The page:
In general the city is referenced by two (2) sections. Old Town (Auld Toun) built mostly around the 1500s and New Town, built 1767 to the mid 1800s.

Old Town has well preserved much of its reformation era architecture, cleaned up and updated in the late 1990s, it is truly magical to see… yet it also tends to contain a much larger proportion of tourist traps and pre fab Scottish “experiences”.

If you can look beyond the endless tartan shops, Old Town and the Royal Mile offer so much medieval charm, you just need a little imagination to fully appreciate it.

You can find the outrageously post modern Scottish Parliament building at the edge of Old Town. I won’t picture it here. You just have to witness it yourself.

Royal Mile
Just try to avoid anything with the word “experience” or tartan in its shop title along the Royal Mile and you’ll be fine. Photograph by Elizabeth Whitener aka januarymoon All rights reserved

New Town isn’t very new. It is generally Georgian / Victorian era and it is also quite architecturally awe inspiring.

A true marvel of urban planning, it is very simple to navigate. I walked from Leith, across King George V park, through the Rodney Street tunnel, through New Town and up to Edinburgh Castle, then down the entire Royal Mile and back to Leith. Took a wee rest, then headed to Roseleaf for dinner. It was a grand day!

The Royal Circus New Town Edinburgh
The Royal Circus, part of the New Town, built in 1823

I just adore walking a new city. You get to understand it in an entirely different way beyond just being a visitor. I try to walk every new city, town, village, wood to which I travel if at all possible. Edinburgh is really a great walking town, it is really easy to walk it from end to end. I use my phone gps, but its grid is simple and Edinburghers (apparently that is what they are called) are always eager to help you find your way if you get lost.

Arthurs seat has an amazing tunnel running through it (sadly those photographs were lost on my journey) The Innocent Railway.

King George V park is filled with just one discovery after another. From Warriston Cemetery to Rodney Street Tunnel. If I had not taken the time to walk, I would have missed out on so very much. The graffiti in the tunnel is true art in and of itself.

Rodney Street Tunnel. Edinburgh 2017. Photography by Elizabeth Whitener aka januarymoon All rights reserved
Rodney Street Tunnel from the King George V Park Photograph by Elizabeth Whitener aka januarymoon Edinburgh 2017 All rights reserved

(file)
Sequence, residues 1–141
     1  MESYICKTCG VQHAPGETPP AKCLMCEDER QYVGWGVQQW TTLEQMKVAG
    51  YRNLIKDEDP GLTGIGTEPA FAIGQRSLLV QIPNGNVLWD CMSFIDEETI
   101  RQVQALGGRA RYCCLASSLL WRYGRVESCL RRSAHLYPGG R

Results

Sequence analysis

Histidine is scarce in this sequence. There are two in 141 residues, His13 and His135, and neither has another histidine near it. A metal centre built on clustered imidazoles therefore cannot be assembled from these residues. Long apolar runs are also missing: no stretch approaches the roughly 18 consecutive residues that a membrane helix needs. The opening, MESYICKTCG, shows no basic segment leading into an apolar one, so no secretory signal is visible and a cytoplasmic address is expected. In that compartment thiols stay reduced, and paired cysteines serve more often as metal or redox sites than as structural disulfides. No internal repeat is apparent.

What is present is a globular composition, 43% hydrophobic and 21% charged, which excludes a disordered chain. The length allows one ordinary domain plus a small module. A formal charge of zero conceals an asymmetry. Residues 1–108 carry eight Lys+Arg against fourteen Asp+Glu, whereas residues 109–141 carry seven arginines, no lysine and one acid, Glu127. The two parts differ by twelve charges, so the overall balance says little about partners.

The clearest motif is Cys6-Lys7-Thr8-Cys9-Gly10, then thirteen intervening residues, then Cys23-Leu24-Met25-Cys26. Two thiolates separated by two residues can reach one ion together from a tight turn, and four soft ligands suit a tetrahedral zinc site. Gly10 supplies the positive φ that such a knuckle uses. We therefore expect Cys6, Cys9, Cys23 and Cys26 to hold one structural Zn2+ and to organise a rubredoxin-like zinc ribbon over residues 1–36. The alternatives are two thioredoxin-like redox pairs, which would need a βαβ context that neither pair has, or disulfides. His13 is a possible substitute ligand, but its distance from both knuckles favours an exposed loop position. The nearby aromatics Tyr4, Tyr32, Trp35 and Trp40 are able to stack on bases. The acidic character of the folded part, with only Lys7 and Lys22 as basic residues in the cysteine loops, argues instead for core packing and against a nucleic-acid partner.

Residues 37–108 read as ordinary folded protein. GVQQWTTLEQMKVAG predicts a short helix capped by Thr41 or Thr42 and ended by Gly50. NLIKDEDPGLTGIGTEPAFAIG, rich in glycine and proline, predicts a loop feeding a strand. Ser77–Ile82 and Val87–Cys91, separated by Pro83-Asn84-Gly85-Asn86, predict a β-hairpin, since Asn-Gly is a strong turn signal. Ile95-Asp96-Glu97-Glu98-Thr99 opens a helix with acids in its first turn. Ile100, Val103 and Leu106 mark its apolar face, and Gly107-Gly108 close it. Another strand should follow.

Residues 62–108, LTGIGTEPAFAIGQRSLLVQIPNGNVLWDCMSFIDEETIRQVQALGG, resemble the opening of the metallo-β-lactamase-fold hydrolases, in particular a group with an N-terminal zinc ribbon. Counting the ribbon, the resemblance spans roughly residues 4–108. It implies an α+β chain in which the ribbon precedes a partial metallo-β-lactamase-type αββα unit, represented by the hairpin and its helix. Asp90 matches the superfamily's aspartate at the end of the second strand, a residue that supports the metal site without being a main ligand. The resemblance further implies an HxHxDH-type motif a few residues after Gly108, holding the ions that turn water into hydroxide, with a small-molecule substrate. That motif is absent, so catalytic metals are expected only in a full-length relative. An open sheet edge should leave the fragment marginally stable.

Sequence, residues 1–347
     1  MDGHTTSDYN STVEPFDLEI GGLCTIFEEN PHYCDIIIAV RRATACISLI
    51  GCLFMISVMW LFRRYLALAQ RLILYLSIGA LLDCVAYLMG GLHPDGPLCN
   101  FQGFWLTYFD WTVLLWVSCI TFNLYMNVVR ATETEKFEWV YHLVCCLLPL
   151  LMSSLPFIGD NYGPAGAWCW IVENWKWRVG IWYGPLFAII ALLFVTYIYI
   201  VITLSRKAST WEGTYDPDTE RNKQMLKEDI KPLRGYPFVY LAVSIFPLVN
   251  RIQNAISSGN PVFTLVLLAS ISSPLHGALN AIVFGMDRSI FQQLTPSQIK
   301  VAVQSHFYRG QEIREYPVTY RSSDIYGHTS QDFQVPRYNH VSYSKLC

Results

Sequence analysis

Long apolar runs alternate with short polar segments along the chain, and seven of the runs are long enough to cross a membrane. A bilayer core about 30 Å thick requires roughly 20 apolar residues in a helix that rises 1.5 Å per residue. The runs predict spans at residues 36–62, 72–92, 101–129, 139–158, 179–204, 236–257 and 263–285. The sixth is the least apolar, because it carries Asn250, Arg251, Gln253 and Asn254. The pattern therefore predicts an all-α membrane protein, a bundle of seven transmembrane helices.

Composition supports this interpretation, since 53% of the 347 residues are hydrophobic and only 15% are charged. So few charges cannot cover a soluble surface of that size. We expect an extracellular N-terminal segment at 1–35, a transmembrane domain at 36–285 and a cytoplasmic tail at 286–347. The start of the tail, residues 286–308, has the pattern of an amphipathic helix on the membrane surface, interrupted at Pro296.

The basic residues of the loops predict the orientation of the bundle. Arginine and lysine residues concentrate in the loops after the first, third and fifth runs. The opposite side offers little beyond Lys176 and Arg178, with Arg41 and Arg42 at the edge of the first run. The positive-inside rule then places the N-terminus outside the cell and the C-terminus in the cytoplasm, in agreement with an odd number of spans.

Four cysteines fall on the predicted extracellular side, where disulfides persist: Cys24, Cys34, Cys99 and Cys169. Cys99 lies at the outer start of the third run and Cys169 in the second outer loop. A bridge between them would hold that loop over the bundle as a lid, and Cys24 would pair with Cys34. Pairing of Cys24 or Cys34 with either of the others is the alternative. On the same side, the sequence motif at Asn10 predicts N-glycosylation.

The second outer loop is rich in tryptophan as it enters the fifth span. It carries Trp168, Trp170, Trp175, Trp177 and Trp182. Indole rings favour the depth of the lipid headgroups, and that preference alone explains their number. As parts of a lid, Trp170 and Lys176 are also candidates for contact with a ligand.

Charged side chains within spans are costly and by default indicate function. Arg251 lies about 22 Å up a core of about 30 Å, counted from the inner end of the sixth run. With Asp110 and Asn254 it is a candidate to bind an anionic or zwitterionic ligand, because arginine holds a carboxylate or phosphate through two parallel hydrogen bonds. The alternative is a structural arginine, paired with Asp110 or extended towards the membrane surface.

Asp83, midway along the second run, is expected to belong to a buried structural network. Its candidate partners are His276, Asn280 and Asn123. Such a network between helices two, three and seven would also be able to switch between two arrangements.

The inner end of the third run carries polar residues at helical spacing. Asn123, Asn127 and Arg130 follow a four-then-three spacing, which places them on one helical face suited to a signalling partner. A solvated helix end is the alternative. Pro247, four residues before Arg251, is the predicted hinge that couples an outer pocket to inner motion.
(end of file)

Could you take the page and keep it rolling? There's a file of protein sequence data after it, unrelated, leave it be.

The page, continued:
The locals (ahem Edinburghers) walk and utilize the very many pathways throughout the city. Sadly, it seems less common for tourists to make such use of them and little mention of what a fine walking city Edinburgh happens to be.

But because of this, walking about allows you to meet so many locals. Walking their dogs, strolling their kids… it brings you so much further inside the heart of a city this way.

So get yourself a map. Grab a sharpie highlighter, put on some comfy sneaks, map it out and there you go.

To Know Before You Go

Although most of this great city can be traversed by foot and much of the streets and walkways are fairly flat, for some, the hillier nature of certain parts, especially if heading to Edinburgh Castle, may prove exceedingly strenuous.

If need be, it’s really quite an easy city to drive, when off season. Parking is rather reasonable. But don’t let your meter run out, even for a minute. Those meter watchers stand as dutifully on guard as the castle itself and it’s REALLY expensive!

What To Wear

Wear comfortable shoes. Heels and platforms are unforgiving on cobblestone paths. Thin bottomed shoes (like my trusty Vans) may lend to feeling every stone underfoot.

If it’s warm, bring a jacket anyway, if it’s cold, wear layers. It may (and likely will) get suddenly warm if chilly or vice versa. Always be prepared for rain. It’s always likely to rain no matter what the weather report says.

The Canongate Royal Mile
It doesn’t look steep, but the continuous incline to some roads can prove trying to some. Canongate / Royal Mile Edinburgh 2017 by Elizabeth Whitener aka januarymoon All rights reserved

Plan to trudge up long and at times deceivingly steep inclines to get to Edinburgh Castle and a few similarly popular locations, especially near The Royal Mile.

When To Go!

Edinburgh is always busy, but the population swells in June, peaking in August due to the International Festival  (the largest arts festival in the world). The streets team with visitors from all over the globe until September’s end and gears up again during the holidays.

Be sure to plan ahead, especially if visiting within these months. Popular eateries can become jam packed. Lines to enter attractions, long and arduous, especially in the more commercially driven hot spots like castles and museums. You can find yourself turned away at some places if not booked in advance.

It easily takes a week to make a decent go of it in Edinburgh. Personally, I’d give it a month… but that’s the way I roll. Plan, plan, plan… so that you can get to see the most important things for you. There just will never be enough time to do everything unless you live there. there is absolutely no possibility you will ever run out of things to do.

Castle Clock tower
Edinburgh Castle Clock Tower